WHO's New Essential Medicines List Includes a 40-Year First

Marcia Frellick

June 06, 2017

The latest update to the World Health Organization's (WHO's) Essential Medicines List contains the biggest change to the antibiotics section in the list's 40-year history: creation of three categories — access, watch, and reserve ― for guidance in deciding when certain antibiotics should be used.

"Access" indicates drugs that have lower potential for resistance and should be available at all times. This category includes drugs such as amoxicillin. The "watch" antibiotics are second-choice treatments that should be used only for a small number of infections. This category includes ciprofloxacin, used to treat uncomplicated cystitis and upper respiratory tract infections. The "reserve" group contains the last-resort drugs, such as colistin and some new-generation cephalosporins, that should be used for life-threatening infections involving multidrug-resistant bacteria.

The categories are aimed at improving outcomes, reducing emergence of drug-resistant bacteria, and making sure "last resort" antibiotics work when all others fail.

The list is updated every 2 years. This version adds 30 medicines for adults and 25 for children and specifies new uses for nine products. A total of 433 drugs are considered essential for public health needs.

In a conference call with reporters on Tuesday, Marie-Paule Kieny, MD, assistant director-general for health systems and innovation at the WHO, said, "These medicines are chosen according to evidence of safety, efficacy, and public health relevance."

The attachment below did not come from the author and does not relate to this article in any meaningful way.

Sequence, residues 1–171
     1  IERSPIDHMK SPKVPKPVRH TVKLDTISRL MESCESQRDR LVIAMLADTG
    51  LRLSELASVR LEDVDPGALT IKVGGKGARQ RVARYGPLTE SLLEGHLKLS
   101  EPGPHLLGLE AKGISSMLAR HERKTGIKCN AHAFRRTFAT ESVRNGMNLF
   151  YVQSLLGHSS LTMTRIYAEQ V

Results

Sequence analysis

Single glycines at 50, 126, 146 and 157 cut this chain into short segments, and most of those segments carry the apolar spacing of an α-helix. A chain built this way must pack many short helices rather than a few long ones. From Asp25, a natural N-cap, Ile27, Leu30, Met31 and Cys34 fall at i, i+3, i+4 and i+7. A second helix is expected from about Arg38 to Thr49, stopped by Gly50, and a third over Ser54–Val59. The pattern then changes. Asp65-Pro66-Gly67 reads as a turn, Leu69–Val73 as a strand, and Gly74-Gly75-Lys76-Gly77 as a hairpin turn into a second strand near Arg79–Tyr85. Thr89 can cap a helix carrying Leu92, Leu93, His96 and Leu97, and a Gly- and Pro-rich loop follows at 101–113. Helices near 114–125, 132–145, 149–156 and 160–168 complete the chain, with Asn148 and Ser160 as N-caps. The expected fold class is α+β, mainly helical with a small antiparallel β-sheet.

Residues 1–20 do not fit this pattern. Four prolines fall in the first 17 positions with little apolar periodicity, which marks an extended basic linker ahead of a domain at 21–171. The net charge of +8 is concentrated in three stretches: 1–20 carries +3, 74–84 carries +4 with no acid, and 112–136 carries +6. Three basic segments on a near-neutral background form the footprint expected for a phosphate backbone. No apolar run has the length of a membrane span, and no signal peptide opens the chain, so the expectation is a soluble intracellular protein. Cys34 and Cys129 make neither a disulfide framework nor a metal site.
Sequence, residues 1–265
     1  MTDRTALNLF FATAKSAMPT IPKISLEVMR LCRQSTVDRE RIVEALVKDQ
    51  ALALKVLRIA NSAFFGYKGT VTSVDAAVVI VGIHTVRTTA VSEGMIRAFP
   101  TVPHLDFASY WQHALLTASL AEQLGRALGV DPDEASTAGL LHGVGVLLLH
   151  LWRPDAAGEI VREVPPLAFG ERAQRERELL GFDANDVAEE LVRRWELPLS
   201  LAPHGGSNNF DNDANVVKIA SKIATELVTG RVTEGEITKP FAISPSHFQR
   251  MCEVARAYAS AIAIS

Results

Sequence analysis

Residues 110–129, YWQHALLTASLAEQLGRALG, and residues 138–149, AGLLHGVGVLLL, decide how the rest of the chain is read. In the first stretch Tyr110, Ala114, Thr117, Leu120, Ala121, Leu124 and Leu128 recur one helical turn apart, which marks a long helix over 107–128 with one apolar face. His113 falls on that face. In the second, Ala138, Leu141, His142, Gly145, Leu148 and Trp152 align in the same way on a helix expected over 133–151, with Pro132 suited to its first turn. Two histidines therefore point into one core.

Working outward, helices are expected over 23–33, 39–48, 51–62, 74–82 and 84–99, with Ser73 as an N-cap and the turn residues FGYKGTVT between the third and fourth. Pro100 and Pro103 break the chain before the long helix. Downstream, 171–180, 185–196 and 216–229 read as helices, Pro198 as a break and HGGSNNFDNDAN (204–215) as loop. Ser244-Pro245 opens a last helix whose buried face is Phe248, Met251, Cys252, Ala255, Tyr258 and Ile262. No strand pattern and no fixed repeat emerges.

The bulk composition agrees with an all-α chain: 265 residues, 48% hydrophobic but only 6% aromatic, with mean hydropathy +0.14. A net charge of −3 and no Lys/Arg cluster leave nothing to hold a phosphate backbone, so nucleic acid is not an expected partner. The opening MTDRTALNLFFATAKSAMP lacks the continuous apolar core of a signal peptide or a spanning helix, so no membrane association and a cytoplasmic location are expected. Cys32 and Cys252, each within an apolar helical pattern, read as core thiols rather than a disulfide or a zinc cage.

She noted that programs targeted to changing prescribers' behavior – in particular with antibiotics – "have yielded modest results only," and the hope is that the categorization will increase commitment to attack the problem.

"Our intention is to work with countries to keep this issue high on their agenda," she said.

Two Oral Cancer Drugs and an HCV Combo Drug

Among the other additions are two oral cancer drugs, dasatinib and nilotinib, for treating chronic myeloid leukemia that has not responded to standard treatment. Another addition to the list is sofosbuvir plus velpatasvir, which is the first combination treatment for all six types of hepatitis C.

Suzanne Hill, PhD, director of essential medicines and health products for the WHO, said the combination hepatitis C drug has two major benefits: "First, it means that countries without sophisticated diagnostic equipment can actually have an option to go straight to a one-treatment approach even without knowing what type of hepatitis C virus they're dealing with." Also, because it is administered as a once-daily dose, it is simple to use.

Other additions include the following:

  • Dolutegravir for HIV infection. "The latest evidence shows that treatments containing this medicine are the most successful in suppressing the virus and also better-tolerated by patients," Dr Hill said.

  • Preexposure prophylaxis with tenofovir alone or in combination with emtricitabine or lamivudine to prevent HIV infection.

  • Delamanid for children and adolescents who have multidrug-resistant tuberculosis (MDR-TB), and clofazimine for children and adults with MDR-TB. Until now, clofazimine was only used for the treatment of leprosy, Dr Hill noted.